There are dozens of worthy organizations that would make better use of our wedding dollars than do caterers and florists. One we’ve highlighted in the past is Heifer International. They provide livestock and training to some of the world’s neediest communities. They then multiply each donation’s impact by requiring recipients to gift some of the livestock offspring to other eligible families. They’re an organization that, we believe, is making meaningful differences in people’s lives.

For the price of a floral arrangement ($500), Heifer can deliver a cow to a hungry family.

“A good dairy cow can produce four gallons of milk a day – enough for a family to drink and share with neighbors. Milk protein transforms sick, malnourished children into healthy boys and girls. The sale of surplus milk earns money for school fees, medicine, clothing and home improvements.

Better still, every gift multiplies, as the animal’s first offspring is passed on to another family – then they also agree to pass on an animal, and so on.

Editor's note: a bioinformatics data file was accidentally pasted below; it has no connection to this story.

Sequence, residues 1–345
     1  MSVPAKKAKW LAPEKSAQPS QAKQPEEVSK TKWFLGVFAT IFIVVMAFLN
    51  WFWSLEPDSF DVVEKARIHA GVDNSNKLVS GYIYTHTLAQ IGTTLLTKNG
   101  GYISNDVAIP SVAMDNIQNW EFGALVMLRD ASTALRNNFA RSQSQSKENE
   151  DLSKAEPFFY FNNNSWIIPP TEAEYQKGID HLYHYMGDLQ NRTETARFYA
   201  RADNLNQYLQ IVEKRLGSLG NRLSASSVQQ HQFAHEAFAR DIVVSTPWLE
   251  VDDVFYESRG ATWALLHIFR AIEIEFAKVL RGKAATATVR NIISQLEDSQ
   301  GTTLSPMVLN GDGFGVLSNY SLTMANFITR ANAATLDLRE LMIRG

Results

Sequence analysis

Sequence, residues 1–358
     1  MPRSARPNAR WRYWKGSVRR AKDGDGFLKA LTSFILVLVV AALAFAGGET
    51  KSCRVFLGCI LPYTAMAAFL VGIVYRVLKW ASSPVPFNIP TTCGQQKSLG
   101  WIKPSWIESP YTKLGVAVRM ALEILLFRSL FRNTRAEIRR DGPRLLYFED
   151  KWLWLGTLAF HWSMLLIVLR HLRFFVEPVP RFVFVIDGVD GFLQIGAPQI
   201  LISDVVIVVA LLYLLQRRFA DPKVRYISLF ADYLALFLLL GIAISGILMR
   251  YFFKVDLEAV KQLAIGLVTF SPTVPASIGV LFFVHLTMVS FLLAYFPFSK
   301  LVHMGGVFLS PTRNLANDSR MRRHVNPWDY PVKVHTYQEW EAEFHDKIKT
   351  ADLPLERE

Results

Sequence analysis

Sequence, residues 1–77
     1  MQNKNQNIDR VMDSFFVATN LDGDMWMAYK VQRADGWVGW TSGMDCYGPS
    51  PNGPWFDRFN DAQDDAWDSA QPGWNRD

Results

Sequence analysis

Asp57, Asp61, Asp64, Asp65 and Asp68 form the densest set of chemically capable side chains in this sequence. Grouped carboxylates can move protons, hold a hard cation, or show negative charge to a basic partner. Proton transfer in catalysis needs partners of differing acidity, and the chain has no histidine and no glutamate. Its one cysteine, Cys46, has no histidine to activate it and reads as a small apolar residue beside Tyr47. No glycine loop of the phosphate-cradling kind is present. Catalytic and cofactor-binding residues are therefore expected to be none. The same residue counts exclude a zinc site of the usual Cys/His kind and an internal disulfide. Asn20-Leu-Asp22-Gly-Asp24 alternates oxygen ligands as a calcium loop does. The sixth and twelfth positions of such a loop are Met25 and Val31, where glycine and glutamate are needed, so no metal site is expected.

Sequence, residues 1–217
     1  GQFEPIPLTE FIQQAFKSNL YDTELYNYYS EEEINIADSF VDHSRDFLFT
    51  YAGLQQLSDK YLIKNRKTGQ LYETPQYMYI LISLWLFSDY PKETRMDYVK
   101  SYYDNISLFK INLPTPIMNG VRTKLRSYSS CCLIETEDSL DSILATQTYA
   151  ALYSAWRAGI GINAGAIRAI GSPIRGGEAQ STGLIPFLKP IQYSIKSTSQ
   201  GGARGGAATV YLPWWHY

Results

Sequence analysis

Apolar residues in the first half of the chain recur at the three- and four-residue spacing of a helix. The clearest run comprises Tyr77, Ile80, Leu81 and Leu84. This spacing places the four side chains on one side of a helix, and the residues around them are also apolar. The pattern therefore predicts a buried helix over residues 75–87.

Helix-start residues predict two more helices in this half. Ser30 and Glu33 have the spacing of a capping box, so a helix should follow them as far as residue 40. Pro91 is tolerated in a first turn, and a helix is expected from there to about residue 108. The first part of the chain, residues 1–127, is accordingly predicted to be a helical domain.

And because a healthy cow can produce a calf every year, every gift will be passed on and eventually help an entire community move from poverty to self reliance. Now that’s a gift worth giving!”

For $25K Heifer can deliver the “Gift of Transformation;” basically an entire farm with the training needed to maintain and grow it. For the cost of their wedding, newlyweds can feed and promote the economic development of an entire community for generations to come. That is a truly awe inspiring thing. And a pretty terrific wedding present, too.

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63 Comments on “6 Life Changing Things You Can do for the Price of an Average U.S. Wedding”

  1. Missus Tribble June 15, 2012 at 7:45 am #

    I’ve never understood why people spend so much on one day, when you need to be financially secure for the rest of your life! My recent wedding cost just under £2k, as my husband’s best man and his stepfather both offered their cars to ferry people around. My ring cost the most money at £450, and my husband’s mother arranged the very simple buffet reception. Some truly lovely photographs were taken by friends and family, as we didn’t see the need for a photographer and I hate posing for photos (the ones we like best are the ones in which I didn’t know the picture was being taken).

    • Brian June 15, 2012 at 11:06 am #

      We did ours for about the same price (adjusted for 17 year’s worth of inflation). Spent more on the Honeymoon than the wedding – about which, I’m still pleased. If we had to do it over again we’d just elope and maybe buy drinks in a really cool destination for anyone who wanted to meet us there.

  2. travelwithjodi June 15, 2012 at 8:35 am #